What occurred in the intervening two-week period, including Nott and McNeill’s progress on the route, where they camped, and on what days they were able to move, are unknown. A chronology of the weather as it was observed from basecamp and the 14,200-foot camp on Mount McKinley is summarized below to give some information as to what days may have been conducive to travel. John Varco believes that the pair most likely planned for their ascent to take twelve to fifteen days. At basecamp weather was reasonable with planes able to fly at least part of the day on May 14-16 and May 19. On May 17, 18, and 20, weather was down and no planes were able to reach basecamp. Snowfall was intermittent and fairly minimal and winds were not reported as particularly strong at either basecamp or the 14,200-foot ranger camp. During this first week when Nott and McNeill were on the route, weather was not particularly good, but it is unclear the degree to which weather conditions would have hampered their climbing if at all. For the second week after Nott and McNeill began their climb, conditions continued to be similar from May 21-25, with flights able to get into basecamp. Winds began to increase on May 25th and for the next six days, strong to extremely high winds were reported. The dates of this wind event correspond to the twelfth through fifteenth days that Nott and McNeill were on the route. On May 31st, weather was still marginal. Discussions between Ranger John Evans and staff in Talkeetna began regarding concern over Nott and McNeill’s whereabouts. Evans and others at basecamp had been scoping the descent route for several days, but had seen no sign of Nott and McNeill. Also on that day Paul Roderick of Talkeetna Air Taxi called South District Ranger Daryl Miller to express his concern over Nott and McNeill’s welfare. Roderick flew the route on May 29 and 30, as well as on at least one other occasion in the prior weeks. Roderick was not able to view the entire route. The portions that were visible to him yielded no evidence of the team other than their approach tracks. On May 29th Will Mayo also flew over the route with pilot David Lee of Talkeetna Air Taxi. Mayo felt he had a good view of the upper half of the route, but saw no evidence of the team. David Lee flew past the route again on May 30th and saw nothing different. In addition, Mark Westman, who climbed the route in 2004, flew over the route on May 21st and saw the same approach tracks leading to and over the bergschrund at the base of the route but nothing above. John Varco was contacted via telephone in the late afternoon of May 31st subsequent to Roderick’s phone call to get his assessment of the situation. It was at this point that Varco expressed that he believed it would take the pair twelve to fifteen days to complete the route and the descent. Varco also commented that it was possible for them to stretch their food and fuel as they had done on the Cassin in 2004. Further consideration was given to the situation the following day. At 1700, Chief Sub-district Ranger Daryl Miller made the decision to initiate a search.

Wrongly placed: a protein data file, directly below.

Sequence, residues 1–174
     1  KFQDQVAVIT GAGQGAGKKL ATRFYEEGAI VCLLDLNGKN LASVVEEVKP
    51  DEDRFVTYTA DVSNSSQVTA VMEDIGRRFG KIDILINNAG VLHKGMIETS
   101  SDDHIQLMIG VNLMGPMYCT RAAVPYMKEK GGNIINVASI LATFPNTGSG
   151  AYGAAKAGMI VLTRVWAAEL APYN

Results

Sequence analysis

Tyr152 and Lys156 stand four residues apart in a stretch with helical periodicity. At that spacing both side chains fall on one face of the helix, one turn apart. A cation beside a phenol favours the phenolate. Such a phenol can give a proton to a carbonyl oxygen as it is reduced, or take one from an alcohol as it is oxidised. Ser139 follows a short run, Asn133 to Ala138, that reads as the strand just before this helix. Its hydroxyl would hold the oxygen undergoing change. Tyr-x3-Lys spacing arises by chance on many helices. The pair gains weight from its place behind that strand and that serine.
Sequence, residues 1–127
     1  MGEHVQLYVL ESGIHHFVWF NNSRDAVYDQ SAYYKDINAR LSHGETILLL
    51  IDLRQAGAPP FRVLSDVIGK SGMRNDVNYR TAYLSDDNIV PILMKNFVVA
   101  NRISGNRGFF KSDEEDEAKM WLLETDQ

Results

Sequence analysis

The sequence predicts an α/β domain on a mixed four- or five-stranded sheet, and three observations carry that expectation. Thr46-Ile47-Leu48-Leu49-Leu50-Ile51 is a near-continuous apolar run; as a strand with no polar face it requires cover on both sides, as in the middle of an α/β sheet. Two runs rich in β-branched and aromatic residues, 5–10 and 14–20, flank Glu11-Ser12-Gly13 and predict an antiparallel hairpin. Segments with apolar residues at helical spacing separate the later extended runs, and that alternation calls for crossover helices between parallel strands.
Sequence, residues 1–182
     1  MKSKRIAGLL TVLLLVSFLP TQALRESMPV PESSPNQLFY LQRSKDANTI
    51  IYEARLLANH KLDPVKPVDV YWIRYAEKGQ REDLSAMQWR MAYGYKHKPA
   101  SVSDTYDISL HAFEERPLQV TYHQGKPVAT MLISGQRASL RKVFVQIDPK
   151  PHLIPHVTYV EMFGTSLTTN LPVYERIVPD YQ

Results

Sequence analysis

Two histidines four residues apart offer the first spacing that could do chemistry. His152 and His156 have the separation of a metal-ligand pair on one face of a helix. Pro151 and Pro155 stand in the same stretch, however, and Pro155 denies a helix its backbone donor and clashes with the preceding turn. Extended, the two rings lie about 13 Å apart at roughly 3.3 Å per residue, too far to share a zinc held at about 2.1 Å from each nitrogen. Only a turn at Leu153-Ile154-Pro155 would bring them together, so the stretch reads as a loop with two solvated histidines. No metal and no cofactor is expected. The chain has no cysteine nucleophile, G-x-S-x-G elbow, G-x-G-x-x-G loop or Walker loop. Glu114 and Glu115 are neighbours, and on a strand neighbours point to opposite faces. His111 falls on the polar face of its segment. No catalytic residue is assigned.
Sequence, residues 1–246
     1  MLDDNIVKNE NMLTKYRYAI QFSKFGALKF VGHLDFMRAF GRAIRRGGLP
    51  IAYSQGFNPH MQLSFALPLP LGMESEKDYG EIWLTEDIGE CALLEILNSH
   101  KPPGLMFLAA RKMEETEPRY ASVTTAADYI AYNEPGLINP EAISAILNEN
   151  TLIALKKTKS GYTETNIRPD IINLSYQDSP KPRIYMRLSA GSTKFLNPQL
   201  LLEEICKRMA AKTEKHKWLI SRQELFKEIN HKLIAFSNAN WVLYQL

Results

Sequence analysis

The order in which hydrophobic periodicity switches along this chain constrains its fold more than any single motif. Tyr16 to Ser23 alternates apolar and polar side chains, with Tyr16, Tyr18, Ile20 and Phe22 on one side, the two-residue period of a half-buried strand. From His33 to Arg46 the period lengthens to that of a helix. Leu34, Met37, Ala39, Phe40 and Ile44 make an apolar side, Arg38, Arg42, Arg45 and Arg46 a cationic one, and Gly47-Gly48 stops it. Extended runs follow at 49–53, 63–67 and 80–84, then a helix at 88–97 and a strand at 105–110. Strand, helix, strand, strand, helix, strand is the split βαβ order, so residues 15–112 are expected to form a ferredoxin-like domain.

On the evening of June 1st, the Lama helicopter, piloted by Jim Hood, made two initial search flights. The first flight with Dave Kreutzer and Mike Barstat on board searched the Infinite Spur and the intended descent route, the Sultana Ridge, and Mount Crosson from 9,000 to 14,000 feet. Clouds obscured the lower part of the route and the upper part was not searched due to operational restrictions. The second flight with Ranger Meg Perdue on board focused on elevations above 13,000 feet on the route and descent. Possible tracks were observed at the 14,000 to 14,400-foot level traversing onto the Knife Edge Ridge feature of the Infinite Spur. No other evidence of the team was seen on the route or the descent. On June 2nd four flights using the Lama were conducted. Mark Westman and Perdue were on board for the first two flights. On the first flight Westman was able to confirm the tracks that Perdue had seen the previous night as well as identify tracks on sections of the lower part of the route. Westman was confident that he had a good view of the lower parts of the route to 12,000 feet and that Nott and McNeill were not on it. Towards the end of the flight, the debris cones to the west and east of the base of the route were searched. Gear, including a blue and black sleeping bag and a blue and black pack, was seen in the debris cone approximately 100 yards to the east of the start of the route. The sleeping bag was approximately 100 yards west from the pack. No persons were visible or believed to be attached to the gear. It was determined that due to the potential for farther avalanche activity, it was unsafe to put personnel on the ground to retrieve the gear or engage in a ground search of the area. On the second flight, possible fall lines consistent with the gear’s location were searched, but nothing else was found. At the end of the flight the debris was again searched. A red fleece jacket was also observed 100 yards east of the pack. The third flight used the hydraulic “Grabbers” to retrieve the pack. The pilot is confident that nothing exited the pack while in flight. The pack was later confirmed to be the one carried by Nott. The main compartment and lid pouch of the pack were empty with only a few items, including the FRS radio, in a zipped pocket on the underside of the lid pouch. The pack did have a Ridge Rest sleeping pad still attached with a single strap.